There are four main obstacles that hinder the development of women-led startups in Vietnam's ethnic minority regions: geographical barrier, language and communication barriers, lack of technology and internet access, and gender bias, as women are still deemed unfit for leadership and business management in these cultures. In addition, the pandemic has caused considerable damage to these newly-founded businesses.
GREAT implemented two initiatives to support female entrepreneurs in business management skills and digital transformation. By providing training and technical support, GREAT was able to help more than 60 cooperatives generate revenues on e-commerce platforms. One-third of cooperatives participating in GREAT's Digital Accelerator Programme has experienced a revenue increase of 300-500 per cent compared to traditional sales channels.
Another way to support small-scale local cooperatives is to connect them with large corporations. In fact, 28 out of 65 GREAT's local partners are in some kind of partnership with industry leaders in agriculture, tourism, and training, with GREAT being the middle-man and co-investor. This model allows big corporations to leverage their technology and market knowledge to help small businesses improve, while also benefiting from the other party's high-quality product and human resources.
My Holland - Training vice-chair of the Women in Business Sector Committee EuroCham Vietnam
While building a gender action plan with priorities, we’re looking into the life cycle of employees to assess how to attract and retain talent, as well as how to recruit, train, and compensate them. At the organisational level, we can look into the corporate culture and leadership, as well as the policies, the reporting, and the communication.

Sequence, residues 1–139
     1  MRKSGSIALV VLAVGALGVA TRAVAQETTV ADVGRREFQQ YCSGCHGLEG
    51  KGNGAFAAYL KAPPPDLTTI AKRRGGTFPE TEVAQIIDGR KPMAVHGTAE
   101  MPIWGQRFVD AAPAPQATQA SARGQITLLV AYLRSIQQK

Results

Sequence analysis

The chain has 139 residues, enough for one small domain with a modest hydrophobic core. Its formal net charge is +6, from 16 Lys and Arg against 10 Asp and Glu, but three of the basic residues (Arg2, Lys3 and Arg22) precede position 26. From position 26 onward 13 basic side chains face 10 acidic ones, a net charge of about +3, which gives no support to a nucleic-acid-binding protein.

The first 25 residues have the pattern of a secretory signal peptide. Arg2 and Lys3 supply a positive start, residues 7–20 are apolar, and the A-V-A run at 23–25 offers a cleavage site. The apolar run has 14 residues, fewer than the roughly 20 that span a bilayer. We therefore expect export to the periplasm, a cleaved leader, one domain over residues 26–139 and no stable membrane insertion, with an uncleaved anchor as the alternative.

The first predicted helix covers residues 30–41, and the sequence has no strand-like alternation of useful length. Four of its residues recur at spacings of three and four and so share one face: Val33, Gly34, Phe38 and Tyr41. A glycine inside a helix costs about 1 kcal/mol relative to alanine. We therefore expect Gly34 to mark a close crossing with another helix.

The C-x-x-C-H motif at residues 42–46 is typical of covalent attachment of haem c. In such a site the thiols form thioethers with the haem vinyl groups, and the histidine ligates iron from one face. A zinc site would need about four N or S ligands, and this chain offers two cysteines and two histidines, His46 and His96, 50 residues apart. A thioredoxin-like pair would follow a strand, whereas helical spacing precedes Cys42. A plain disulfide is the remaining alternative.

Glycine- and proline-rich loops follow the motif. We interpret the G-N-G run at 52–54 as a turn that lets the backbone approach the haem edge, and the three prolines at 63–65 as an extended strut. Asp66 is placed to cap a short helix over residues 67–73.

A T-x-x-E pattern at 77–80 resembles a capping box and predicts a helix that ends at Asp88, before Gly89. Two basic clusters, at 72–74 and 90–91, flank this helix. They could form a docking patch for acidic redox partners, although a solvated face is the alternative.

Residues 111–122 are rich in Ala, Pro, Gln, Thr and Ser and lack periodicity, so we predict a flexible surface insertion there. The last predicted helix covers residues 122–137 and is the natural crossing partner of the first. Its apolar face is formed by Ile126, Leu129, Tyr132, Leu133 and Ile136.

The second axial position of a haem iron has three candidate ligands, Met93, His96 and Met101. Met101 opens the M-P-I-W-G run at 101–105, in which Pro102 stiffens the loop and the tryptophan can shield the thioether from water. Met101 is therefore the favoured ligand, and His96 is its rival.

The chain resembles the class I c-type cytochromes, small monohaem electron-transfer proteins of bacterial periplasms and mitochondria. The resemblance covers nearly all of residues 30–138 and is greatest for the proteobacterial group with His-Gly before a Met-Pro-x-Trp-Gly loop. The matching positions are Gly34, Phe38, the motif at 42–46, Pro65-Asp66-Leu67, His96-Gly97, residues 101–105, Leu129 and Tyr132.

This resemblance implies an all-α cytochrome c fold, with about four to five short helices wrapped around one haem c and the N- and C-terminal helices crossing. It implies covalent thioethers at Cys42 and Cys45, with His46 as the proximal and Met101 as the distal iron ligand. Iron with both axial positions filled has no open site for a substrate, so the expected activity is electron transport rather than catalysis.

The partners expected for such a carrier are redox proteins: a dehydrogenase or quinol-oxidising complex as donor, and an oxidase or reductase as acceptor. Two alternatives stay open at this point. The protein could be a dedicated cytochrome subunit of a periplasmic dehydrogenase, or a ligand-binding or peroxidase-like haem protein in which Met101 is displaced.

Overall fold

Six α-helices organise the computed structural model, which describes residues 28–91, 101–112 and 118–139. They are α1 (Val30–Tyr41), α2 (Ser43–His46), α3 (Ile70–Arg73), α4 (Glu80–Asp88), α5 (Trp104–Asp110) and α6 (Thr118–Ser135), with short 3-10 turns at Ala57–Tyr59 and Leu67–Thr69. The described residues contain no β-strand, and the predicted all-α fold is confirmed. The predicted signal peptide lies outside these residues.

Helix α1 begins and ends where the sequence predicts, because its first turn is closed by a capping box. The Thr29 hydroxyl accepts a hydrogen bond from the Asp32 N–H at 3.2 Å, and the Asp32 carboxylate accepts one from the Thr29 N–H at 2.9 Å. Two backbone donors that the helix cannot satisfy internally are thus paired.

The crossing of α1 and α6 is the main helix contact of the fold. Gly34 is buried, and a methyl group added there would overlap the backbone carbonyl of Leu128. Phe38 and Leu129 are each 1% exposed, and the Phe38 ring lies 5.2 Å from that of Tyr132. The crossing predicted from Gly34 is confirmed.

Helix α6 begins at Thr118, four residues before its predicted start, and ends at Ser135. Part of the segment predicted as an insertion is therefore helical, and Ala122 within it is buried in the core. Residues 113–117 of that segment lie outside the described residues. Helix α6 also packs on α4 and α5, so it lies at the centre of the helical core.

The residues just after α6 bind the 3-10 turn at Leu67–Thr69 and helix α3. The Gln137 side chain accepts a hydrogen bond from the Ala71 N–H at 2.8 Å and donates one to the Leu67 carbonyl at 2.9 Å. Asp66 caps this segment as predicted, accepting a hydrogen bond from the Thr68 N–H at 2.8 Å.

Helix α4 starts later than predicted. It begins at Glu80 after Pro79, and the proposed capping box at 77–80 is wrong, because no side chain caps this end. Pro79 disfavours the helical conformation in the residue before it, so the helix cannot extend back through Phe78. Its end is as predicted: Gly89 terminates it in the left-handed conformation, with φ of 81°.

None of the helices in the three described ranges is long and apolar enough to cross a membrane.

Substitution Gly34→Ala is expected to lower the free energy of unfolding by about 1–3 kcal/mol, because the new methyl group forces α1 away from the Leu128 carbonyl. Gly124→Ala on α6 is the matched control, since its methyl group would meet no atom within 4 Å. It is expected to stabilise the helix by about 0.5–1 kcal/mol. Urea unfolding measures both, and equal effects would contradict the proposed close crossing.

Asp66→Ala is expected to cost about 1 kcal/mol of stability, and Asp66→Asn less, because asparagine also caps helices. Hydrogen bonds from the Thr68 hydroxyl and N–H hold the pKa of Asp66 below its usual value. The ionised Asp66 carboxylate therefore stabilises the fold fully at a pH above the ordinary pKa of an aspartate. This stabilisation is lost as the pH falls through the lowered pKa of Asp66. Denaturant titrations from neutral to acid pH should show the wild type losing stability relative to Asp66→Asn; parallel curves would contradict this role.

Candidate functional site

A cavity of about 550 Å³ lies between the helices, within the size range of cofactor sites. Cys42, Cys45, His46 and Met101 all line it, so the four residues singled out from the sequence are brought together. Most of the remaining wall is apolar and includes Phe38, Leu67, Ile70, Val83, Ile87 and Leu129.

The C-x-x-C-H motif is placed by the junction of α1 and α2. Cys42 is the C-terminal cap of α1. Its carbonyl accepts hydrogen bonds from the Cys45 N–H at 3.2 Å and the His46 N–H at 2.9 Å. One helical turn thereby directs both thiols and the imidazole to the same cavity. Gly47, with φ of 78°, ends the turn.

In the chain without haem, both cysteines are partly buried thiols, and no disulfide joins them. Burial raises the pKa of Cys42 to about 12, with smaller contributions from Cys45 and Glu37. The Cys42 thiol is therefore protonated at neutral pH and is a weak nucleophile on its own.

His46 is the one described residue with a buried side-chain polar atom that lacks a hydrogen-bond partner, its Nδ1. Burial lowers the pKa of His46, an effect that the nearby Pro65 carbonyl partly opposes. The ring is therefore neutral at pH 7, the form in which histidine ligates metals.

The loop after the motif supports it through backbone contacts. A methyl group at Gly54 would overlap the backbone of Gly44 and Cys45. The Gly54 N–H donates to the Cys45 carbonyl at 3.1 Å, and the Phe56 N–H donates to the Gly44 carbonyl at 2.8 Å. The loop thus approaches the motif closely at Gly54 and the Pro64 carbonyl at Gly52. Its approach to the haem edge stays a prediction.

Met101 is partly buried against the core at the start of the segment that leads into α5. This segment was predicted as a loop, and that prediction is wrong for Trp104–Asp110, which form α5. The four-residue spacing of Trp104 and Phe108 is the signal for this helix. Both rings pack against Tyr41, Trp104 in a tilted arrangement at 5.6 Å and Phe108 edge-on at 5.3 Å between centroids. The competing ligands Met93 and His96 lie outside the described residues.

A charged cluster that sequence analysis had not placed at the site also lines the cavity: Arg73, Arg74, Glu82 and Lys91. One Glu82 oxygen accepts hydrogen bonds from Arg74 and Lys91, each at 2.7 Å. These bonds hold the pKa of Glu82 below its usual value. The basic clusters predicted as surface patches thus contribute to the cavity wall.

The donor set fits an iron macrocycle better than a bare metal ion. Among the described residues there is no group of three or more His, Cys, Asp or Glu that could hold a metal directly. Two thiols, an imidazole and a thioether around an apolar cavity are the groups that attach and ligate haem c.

Many organisations like Electricity of Vietnam and a few other companies have already gone through such programmes, followed by coaching programmes.
Aside from providing training and coaching, companies can pay nannies to help their employees stay on the job. Moreover, they can rotate leadership roles and foster an inclusive culture.
Le Quang Binh - Director at ECUE
Gender disparity in the workplace can be categorised into vertical and horizontal segregation. In the business context, the former term indicates the under- (or over-) representation of women in managing positions at corporates. The latter term, in contrast, refers to the under-or overrepresentation of women in different departments.
By sampling 30 of the leading enterprises in Vietnam and internationally, we recognised that efforts to foster gender equality in the corporate environment focus primarily on three aspects.
The first is to raise awareness and knowledge of employees about the essence of gender equality and its role in nurturing their firm’s growth. In addition, enterprises are reallocating financial and human resources with the aim of narrowing the gender gap. They should establish a department with the function of promoting and monitoring the practice of gender equality in order to widen its impact.
Finally, companies are prioritising introducing policies to create the best working conditions for women. These include having women represented at all levels of the organisation, establishing a code of conduct to combat gender discrimination, and designing female leadership development programmes along with supporting programmes to ensure their work-life balance.
Numerous enterprises are in need of support to encourage gender equality. There should be supporting units to provide comprehensive consultancy in building strategies to eliminate gender disparity in the workplace.
Enterprises should seek to gradually change gender stereotypes by encouraging corporate social responsibility activities, thereby creating a future workforce that is more gender-sensitive and inclusive.
By Oanh Nguyen